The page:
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We've introduced you to some elemental concepts that we'll be using for the semester.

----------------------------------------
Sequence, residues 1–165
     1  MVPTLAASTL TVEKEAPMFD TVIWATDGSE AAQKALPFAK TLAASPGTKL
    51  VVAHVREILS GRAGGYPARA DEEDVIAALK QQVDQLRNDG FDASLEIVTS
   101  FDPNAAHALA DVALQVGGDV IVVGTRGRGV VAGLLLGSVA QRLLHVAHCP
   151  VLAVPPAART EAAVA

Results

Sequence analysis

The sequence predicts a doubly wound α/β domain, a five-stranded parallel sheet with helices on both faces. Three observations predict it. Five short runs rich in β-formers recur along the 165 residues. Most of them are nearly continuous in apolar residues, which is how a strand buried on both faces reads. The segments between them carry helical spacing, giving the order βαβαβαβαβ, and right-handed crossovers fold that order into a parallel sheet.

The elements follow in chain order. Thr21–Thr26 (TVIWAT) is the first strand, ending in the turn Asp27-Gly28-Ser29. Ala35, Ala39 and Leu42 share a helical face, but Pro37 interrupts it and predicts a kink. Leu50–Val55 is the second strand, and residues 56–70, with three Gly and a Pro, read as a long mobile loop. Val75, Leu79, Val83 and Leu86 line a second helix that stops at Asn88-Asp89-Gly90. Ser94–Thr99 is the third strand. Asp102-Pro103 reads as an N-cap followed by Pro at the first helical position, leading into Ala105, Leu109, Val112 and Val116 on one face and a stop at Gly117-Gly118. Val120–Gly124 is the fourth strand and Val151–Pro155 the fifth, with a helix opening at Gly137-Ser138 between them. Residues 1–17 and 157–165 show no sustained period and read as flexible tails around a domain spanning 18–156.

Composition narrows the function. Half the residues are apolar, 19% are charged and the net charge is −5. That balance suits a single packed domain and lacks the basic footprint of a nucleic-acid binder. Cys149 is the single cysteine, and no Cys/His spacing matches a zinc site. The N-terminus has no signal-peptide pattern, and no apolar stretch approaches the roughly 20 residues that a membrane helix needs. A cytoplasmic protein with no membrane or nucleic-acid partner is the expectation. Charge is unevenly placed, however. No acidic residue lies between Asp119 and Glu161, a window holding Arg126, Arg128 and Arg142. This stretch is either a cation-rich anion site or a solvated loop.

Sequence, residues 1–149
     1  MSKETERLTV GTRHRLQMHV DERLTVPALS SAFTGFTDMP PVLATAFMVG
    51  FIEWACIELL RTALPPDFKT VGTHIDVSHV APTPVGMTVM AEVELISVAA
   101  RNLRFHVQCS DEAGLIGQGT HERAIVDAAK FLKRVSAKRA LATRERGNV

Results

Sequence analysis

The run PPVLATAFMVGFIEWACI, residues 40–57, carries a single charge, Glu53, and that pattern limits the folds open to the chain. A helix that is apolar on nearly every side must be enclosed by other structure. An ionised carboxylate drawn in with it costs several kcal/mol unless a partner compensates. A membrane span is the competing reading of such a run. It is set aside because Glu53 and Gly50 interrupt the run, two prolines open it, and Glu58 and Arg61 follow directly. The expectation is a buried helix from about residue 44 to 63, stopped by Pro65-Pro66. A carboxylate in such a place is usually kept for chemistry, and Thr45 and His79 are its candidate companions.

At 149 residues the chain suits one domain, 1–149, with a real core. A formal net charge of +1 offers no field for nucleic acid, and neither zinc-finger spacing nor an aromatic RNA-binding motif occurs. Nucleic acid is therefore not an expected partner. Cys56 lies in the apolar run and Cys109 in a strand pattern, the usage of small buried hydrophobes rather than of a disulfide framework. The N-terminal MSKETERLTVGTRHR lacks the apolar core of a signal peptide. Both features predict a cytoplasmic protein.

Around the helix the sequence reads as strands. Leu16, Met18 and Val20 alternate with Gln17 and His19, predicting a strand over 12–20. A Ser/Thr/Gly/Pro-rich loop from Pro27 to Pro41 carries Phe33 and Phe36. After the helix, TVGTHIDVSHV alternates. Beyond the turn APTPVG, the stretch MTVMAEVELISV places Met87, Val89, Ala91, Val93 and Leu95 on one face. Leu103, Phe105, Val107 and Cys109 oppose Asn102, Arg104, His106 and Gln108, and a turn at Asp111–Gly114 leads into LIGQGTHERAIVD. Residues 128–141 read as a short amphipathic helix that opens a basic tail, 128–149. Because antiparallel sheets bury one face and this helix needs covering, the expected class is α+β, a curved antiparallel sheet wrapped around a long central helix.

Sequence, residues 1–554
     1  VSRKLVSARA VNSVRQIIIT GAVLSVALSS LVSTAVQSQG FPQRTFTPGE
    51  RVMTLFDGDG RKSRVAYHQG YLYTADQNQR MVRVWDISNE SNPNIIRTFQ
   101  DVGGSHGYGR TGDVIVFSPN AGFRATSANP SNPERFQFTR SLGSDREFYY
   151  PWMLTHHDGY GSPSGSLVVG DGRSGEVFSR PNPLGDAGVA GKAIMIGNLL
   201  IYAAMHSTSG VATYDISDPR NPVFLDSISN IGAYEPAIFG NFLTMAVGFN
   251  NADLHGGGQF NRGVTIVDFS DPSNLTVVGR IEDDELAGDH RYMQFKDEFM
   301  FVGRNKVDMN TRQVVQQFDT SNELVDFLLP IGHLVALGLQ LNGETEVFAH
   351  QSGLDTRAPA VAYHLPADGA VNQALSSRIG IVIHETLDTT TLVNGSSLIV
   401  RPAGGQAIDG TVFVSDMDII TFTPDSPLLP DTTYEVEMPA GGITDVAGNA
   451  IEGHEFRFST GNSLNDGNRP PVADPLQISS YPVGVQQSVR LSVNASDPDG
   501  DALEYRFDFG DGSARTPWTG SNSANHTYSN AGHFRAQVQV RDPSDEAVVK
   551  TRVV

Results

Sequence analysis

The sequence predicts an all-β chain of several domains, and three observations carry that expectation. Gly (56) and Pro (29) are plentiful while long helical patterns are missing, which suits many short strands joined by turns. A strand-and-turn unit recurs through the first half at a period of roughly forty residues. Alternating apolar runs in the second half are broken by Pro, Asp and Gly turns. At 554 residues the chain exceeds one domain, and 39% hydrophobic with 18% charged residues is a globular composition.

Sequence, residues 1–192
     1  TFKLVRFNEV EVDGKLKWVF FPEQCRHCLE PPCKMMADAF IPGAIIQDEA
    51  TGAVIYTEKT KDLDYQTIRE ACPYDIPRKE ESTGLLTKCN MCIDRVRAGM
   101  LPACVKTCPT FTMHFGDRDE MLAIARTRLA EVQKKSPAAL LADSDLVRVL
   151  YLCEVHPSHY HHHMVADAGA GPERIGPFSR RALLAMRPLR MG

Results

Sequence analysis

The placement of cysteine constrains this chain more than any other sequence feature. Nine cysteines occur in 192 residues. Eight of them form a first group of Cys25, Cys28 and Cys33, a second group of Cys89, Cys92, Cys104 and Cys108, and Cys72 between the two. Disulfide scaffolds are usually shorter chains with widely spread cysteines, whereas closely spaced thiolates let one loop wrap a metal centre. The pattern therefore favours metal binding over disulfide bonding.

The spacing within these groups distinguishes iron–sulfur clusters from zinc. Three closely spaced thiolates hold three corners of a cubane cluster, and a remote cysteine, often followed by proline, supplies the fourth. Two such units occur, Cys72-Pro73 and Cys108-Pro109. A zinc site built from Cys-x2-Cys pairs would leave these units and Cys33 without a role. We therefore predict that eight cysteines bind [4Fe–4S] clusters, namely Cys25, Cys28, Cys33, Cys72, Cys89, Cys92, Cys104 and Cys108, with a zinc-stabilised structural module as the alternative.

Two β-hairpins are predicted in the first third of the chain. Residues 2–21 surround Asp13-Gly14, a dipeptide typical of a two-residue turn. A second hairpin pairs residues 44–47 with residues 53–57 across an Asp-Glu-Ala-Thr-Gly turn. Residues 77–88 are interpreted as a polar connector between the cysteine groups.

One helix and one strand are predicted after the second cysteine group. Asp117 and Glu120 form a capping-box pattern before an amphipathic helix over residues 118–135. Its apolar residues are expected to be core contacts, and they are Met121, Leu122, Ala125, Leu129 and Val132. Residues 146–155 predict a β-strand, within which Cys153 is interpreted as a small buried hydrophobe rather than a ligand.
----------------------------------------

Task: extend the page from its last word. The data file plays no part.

But notice that one of the things that I have not done was tackle the question, myself, of what world history is. And, of course, there's been much debate from the eighteenth century onwards once historians and social theorists began to recognize that there was something going on that integrated the parts of the world together. Nowadays many of us would think of world history as synonymous with globalization, the story of the integration of the worlds parts together through trade the organization of international institutions like the United Nations, the proliferation of non-governmental organizations and the like that, that stitch the bits and pieces of, of, of the world together. One of the things I'd like to explore is the, the ways in which this was hardly straightforward or linear. In some senses, you could read Adam Smith as telling a story about commercialization as the engine of globalization. One of the things I want to summon over the course of the lectures an aspect I want to, to bring to bear the ways in which there were many breaks in the process of growing interconnections of the world, parts of the world and resistances to the process. And that gives rise to many pathways towards a more integrated world. So, the process of globalization or the history of globalization which me might consider the story that we are going to explore here as a complex, it's not as simple one and it has multiple origins. One complexity is, of course, men like Adam Smith often presume that the world as it became the world, oriented itself around Europe. And it's true, Adam smith and others witnessed the rise of Europe in some respects. But this did not mean that the rest of the world outside Europe did not play a vital part both in the rise of Europe, itself, and the rise of alternative models of thinking about the world as a whole. Let's go back to villages though. The story or the image we had from Brueghel of the sleeping farmers living close to subsistence and producing a little bit of the wealth that might be appropriated by the small elites at the